I was a late adopter of the smartphone; and once I did, it added much fuel to my already flaming love for photography. Now I did not need to carry my DSLR around. As long as I understood the limitations of the mobile snapper and had help from an editing app, I could produce decent images.
It is true that my phone is unable to shoot in RAW, but in the next couple of years, most of the top-of-the-line phones will have that ability. Now, if the mobile OEMs can crack a practical optical zoom design, the point and shoot market should see a heavy decline. Are you listening Canon, and Nikon?
In this series within a series, I will post images from the life of Delhi and a few other cities that I keep travelling to. All the photos here have been taken with my Google Nexus5 and edited with the Snapseed app.
It is true that on most days, the air over Delhi is unbreathable at best; but then there are those evenings when the city throws you off with rich shades of crimson streaked over the azure skies. Few and far between they might be, but breath-taking they always are. Work leads me to commute between Delhi and Noida, and the route includes some open stretches along the Yamuna where the grasslands accentuate the beauty of the skies.
The images that will follow have bee clicked over the period of a year and range from late spring, early winter to late monsoon evenings. All the images below have been shot on the Nexus 5 and have been edited on the Snapseed app. Though the app has options for filters, I have chosen not to apply any. Instead all of them have been edited by adjusting parameters like brightness / contrast, shadows / highlights, saturation, etc.
One central aim of this series is to prove that you do not really need a fancy DSLR to take good photographs. Even though I do own a said fancy camera and a number of lenses, I have discovered that a decent mobile camera and a good editing app will cover most of your photographic needs.
Yes, there are restrictions when it comes to mobile photography. Your low light abilities are restricted. So is your ability to zoom in. But playing within these margins has helped me develop a my own style – one that relies predominantly more on the composition of the shot.
As I said in my previous post, all the images below have been shot on the Nexus 5 and have been edited on the Snapseed app. Though the app has options for filters, I have chosen not to apply any. Instead all of them have been edited by adjusting parameters like brightness / contrast, shadows / highlights, saturation, etc.
Today’s theme: Markets
Walls of plenty in Delhi’s INA market
Butchers take a break from the slaughter”INA Market, New Delhi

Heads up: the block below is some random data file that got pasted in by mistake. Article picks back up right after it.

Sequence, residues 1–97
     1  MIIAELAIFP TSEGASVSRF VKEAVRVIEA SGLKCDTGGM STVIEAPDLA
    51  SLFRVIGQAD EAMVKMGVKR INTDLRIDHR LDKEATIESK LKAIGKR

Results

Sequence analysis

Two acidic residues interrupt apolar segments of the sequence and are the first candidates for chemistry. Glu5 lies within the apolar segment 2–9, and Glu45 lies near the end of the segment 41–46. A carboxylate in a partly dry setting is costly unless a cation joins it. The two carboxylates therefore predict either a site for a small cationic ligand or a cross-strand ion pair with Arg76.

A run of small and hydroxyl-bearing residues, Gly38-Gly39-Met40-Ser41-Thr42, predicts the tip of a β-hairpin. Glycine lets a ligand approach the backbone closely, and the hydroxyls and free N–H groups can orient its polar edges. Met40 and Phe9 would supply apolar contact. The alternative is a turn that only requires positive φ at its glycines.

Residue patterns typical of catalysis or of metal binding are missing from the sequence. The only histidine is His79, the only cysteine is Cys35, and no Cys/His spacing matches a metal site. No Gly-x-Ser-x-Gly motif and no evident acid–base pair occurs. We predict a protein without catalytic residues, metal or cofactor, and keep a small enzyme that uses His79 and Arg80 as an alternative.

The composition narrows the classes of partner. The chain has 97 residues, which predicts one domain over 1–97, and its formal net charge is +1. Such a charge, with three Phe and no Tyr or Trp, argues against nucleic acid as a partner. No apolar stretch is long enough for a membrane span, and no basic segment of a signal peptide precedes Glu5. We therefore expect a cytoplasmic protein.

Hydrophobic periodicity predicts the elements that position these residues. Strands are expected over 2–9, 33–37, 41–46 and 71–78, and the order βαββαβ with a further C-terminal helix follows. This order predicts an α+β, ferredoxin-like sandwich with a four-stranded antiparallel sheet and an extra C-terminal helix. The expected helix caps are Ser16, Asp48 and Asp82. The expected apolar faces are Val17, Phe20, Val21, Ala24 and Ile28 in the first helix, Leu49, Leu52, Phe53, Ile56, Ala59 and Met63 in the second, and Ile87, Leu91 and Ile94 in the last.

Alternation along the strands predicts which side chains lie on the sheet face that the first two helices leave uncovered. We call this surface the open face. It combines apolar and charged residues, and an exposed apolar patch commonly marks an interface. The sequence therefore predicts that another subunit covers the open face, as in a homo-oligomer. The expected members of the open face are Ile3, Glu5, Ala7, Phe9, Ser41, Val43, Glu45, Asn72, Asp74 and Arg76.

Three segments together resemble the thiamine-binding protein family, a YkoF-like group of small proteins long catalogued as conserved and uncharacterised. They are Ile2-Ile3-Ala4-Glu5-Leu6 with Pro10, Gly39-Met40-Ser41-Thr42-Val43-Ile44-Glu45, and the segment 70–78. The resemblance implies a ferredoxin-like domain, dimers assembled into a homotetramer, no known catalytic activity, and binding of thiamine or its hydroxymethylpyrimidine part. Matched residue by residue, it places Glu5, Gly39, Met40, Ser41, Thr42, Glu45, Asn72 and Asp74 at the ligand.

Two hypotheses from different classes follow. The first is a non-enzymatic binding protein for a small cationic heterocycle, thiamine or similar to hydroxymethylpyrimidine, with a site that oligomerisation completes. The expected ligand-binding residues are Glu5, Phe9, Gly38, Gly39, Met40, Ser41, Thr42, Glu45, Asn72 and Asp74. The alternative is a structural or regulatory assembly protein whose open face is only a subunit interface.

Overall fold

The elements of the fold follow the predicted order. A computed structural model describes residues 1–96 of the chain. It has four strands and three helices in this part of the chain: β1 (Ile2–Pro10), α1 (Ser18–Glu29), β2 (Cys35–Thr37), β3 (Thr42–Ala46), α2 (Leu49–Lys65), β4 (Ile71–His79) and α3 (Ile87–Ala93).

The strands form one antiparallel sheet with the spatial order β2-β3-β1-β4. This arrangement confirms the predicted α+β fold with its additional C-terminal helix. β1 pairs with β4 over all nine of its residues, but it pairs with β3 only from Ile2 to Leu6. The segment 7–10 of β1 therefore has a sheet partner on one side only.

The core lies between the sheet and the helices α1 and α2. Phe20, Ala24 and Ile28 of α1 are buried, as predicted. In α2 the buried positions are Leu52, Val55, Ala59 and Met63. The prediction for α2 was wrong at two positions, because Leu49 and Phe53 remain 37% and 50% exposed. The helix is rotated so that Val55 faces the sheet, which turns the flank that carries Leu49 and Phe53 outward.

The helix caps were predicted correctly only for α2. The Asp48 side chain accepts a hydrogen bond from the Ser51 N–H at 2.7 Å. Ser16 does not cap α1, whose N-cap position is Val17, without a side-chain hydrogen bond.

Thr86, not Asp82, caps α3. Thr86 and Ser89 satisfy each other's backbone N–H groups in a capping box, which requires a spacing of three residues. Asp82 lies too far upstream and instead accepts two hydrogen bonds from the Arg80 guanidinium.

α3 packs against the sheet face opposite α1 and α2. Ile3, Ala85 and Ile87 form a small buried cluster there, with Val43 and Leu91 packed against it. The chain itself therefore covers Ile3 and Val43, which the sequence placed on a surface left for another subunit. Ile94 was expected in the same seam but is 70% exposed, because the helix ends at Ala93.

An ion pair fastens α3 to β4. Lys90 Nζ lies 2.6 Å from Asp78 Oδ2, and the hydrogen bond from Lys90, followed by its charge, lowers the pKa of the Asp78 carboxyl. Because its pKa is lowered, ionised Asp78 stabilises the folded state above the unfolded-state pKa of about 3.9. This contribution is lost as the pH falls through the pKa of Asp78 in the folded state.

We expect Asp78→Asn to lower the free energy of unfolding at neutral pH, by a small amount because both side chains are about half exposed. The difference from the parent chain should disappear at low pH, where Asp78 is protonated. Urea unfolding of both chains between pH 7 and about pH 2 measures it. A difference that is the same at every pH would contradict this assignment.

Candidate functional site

Labourers rest awhile post lunch: Bara Bazaar, Kolkata
Pigeon-hole shops: Manicktala Bazaar, Kolkata
There is space for everything at the market, even for offerings to the supreme being(s)
Produce: Good and bad
Hilsa fish, Bengali for “gastronomical orgasm”
Wisdom on sale: Darya Gunj sunday market, New Delhi
Yes, I am bengali hence this fishy pictures: CR Park Market, New Delhi
Nahi haal e Dehli sunane ke qabil ye qissa hai rone rulane ke qabil
Ujade luteron ne wo qasr is ke jo the dekhne aur dikhane ke qabil
Na ghar hai na dar hai raha ik Zafar hai faqat haal e Dehli sunane ke qabil
‘Not worth narrating is the story of Delhi
This story is worth crying and wailing
Such places have the raiders destroyed
Which were places to see and praise
Neither home is left nor door,
Only Zafar is there to tell the story of Delhi’
Banished to Rangoon, the last Mughal Emperor, Bahadur Shah Zafar, penned these lines as he bid farewell to his beloved city of Delhi. In the 157 years since his rather unglamourous exit, Delhi has become the capital of India. The demographic of the formerly regional city has been turned on its head at two notable points in history: first, with the Partition, and then, with the opening of the Indian economy in the 1990s.
Like any other metropolis in the developing world, Delhi has its fair share of urban irritants –such as its crumbling infrastructure, slum clusters and the complicated fight against air pollution. The saving grace, however, is the city’s unparalleled greenery.
Conveniently located next to the historic Delhi Golf Course and in close proximity to Humayun’s Tomb, the Oberoi Hotel (particularly its rooftop restaurants) is the one of the best places to observe Delhi’s green lung. At a recent seminar, I took the opportunity to stitch together some panoramic shots of Central Delhi.